Are there any activities to build self-esteem? Yes, there are. In fact, the most common question I get asked about building self-esteem is where to start. Often, we can clearly picture the version of ourselves we desire to embody, yet we struggle to take the first few steps towards it. Self-esteem starts to feel like a massive undertaking, something we can see in the distance but never gets any closer. To help, here are a few fresh new activities to build self-esteem that have worked for several of my clients.
Does seeing a therapist increase self-esteem and the self-esteem building process? While our society is working hard to de-stigmatize the belief that therapy exists only for people in crisis or with chronic mental illness, we still tend to think of therapy as something to help us move from bad to neutral, instead of from neutral to good. Yet therapists are trained to understand how the mind can build confidence and create sustainable change. As you consider adding therapy to your self-esteem journey, read on to learn three ways that therapy can help increase self-esteem.
Vulnerability is not something we normally link with self-esteem. We are much more inclined to picture an impenetrable sort of confidence, a version of ourselves where nothing can breach our walls of strength and self-adoration. Yet vulnerability is not only an incredibly powerful tool for those already on the road towards building self-esteem–it is also a very good place to start.
Finding self-love after a traumatic suicide attempt seems like a daunting task. After all, of the many thoughts circling the brain after an event of intended suicide, very few of if any are positive. It's more common to feel fear, shame, and misery. And eventually the question will arise–can I ever learn to love myself after the trauma of a suicide attempt? (Note: This post contains a trigger warning.)
What are the signs of self-esteem? What does it feel like to have healthy self-esteem? Is it unconditional adoration of yourself? Is it the confidence you can do anything? Is it the belief that you're beautiful, both inside and out? In an ideal world, we would feel all of these things. But realistically, our relationship with ourselves is complicated–we all have things we like and things we wish weren't a part of us. A completely positive self-view is overly idealistic and, frankly, inauthentic. So, if self-esteem isn't all sunshine and daisies, what is it? And how do we know if we have it--what are the signs of self-esteem?
Baby steps are a great way to build self-esteem. It's kind of like climbing a mountain: From the distance, we see a simple shape. It looks easy enough to climb if we just start walking uphill. Yet the closer we get, the more we realize that what looked like a basic silhouette is actually filled with valleys, cliffs, detours, and falling rocks. Suddenly, we start to question ourselves. Where do we start? How much energy will it take? What happens if we get turned around? This is when we can turn to baby steps to build self-esteem. When we measure our progress in smaller increments, we have more opportunities to reflect on our progress and make sure we are headed in the right direction.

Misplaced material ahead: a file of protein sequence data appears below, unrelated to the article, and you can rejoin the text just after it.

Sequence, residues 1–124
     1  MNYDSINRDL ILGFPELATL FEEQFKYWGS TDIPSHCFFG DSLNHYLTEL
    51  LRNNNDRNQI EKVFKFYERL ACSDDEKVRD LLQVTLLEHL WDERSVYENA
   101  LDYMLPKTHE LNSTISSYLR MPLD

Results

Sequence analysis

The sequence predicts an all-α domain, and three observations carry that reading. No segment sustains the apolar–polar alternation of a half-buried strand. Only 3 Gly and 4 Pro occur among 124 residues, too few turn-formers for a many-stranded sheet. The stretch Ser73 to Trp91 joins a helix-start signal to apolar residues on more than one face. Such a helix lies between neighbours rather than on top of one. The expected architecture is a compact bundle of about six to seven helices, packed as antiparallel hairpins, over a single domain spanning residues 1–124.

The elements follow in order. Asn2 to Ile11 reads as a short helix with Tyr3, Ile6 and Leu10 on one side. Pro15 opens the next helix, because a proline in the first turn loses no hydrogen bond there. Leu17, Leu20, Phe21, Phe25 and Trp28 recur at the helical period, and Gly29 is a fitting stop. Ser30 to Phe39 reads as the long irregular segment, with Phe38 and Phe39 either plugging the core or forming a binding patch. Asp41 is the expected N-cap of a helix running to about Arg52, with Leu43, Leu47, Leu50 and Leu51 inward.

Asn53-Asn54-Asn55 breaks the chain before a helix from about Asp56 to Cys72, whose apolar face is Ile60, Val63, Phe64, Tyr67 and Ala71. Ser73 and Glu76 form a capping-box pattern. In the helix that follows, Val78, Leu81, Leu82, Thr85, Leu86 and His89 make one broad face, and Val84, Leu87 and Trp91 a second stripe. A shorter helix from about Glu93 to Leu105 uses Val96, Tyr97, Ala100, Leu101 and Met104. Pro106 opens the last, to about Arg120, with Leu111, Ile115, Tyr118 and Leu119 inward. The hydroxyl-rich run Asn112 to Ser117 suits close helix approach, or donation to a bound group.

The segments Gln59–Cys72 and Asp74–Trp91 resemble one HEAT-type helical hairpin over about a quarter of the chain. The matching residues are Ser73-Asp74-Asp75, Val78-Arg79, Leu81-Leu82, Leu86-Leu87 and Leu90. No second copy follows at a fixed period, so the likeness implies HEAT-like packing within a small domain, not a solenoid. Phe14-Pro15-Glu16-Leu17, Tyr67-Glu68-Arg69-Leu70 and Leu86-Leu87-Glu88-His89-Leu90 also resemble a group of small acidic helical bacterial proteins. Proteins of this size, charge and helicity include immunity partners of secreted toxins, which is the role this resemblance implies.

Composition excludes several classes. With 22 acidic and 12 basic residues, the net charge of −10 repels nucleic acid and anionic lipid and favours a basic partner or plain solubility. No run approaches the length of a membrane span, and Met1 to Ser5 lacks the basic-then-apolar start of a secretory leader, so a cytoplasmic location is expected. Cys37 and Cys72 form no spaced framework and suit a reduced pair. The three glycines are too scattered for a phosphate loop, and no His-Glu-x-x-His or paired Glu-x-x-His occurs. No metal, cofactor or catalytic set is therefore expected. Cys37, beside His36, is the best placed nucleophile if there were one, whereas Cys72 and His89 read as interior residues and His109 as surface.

Bad habits--they're pesky little things, aren't they? I imagine just reading the phrase makes you picture one of yours. Maybe your bad habit is biting your nails, or not responding to texts, or leaving the dishes in the sink. It's the thing you do that deep down, you know you don't like. But sometimes our bad habits aren't just small annoyances. Sometimes they burrow into our identity and affect our ability to build self-esteem. When bad habits affect self-esteem, what do we do?
A quick story about toxic people and self-esteem: Imagine you decide to plant a tiny sprout in your garden. When it flourishes, it will bring you deep joy. But first, it needs your focus and care to grow. Those who come into your garden and see your sprout give you support and space, encouraging your progress. But occasionally, a different kind of person comes into your garden. Knowingly or unknowingly, they march across the soil, step on your plants, and in the worst-case scenario, grind your tiny sprout into nothing.
How's your body image? Are you attractive? Do you like the way you look? Do other people think you're beautiful? It's hard to talk about body image without sinking deep into our most vulnerable places. As standards of beauty become progressively less realistic (hello Instagram filters, goodbye pores), being able to have an honest conversation with ourselves about our looks becomes increasingly difficult. Yet we each live within our own, unique bodies every day–being able to look at them in a realistic (and non-damaging) way is a valuable tool towards understanding who we are, developing a healthy body image, and ultimately towards building self-esteem.
Do we have to conquer fear? I've gone through some changes in my life recently that have me thinking about fear. In particular, how we react to feeling afraid. Why are some fears considered perfectly acceptable, while others fill us with shame and demand action? Being afraid of an aggressive animal, an impending surgery, or a loved one experiencing harm are all considered rational and acceptable. Yet we tend to hide our fears of social interaction, object/behaviors that feel uncomfortable, or people who affect us. So, what makes certain fears unpalatable? What makes us decide a fear is unfounded or embarrassing? Why are some fears allowed, while other fears must be conquered?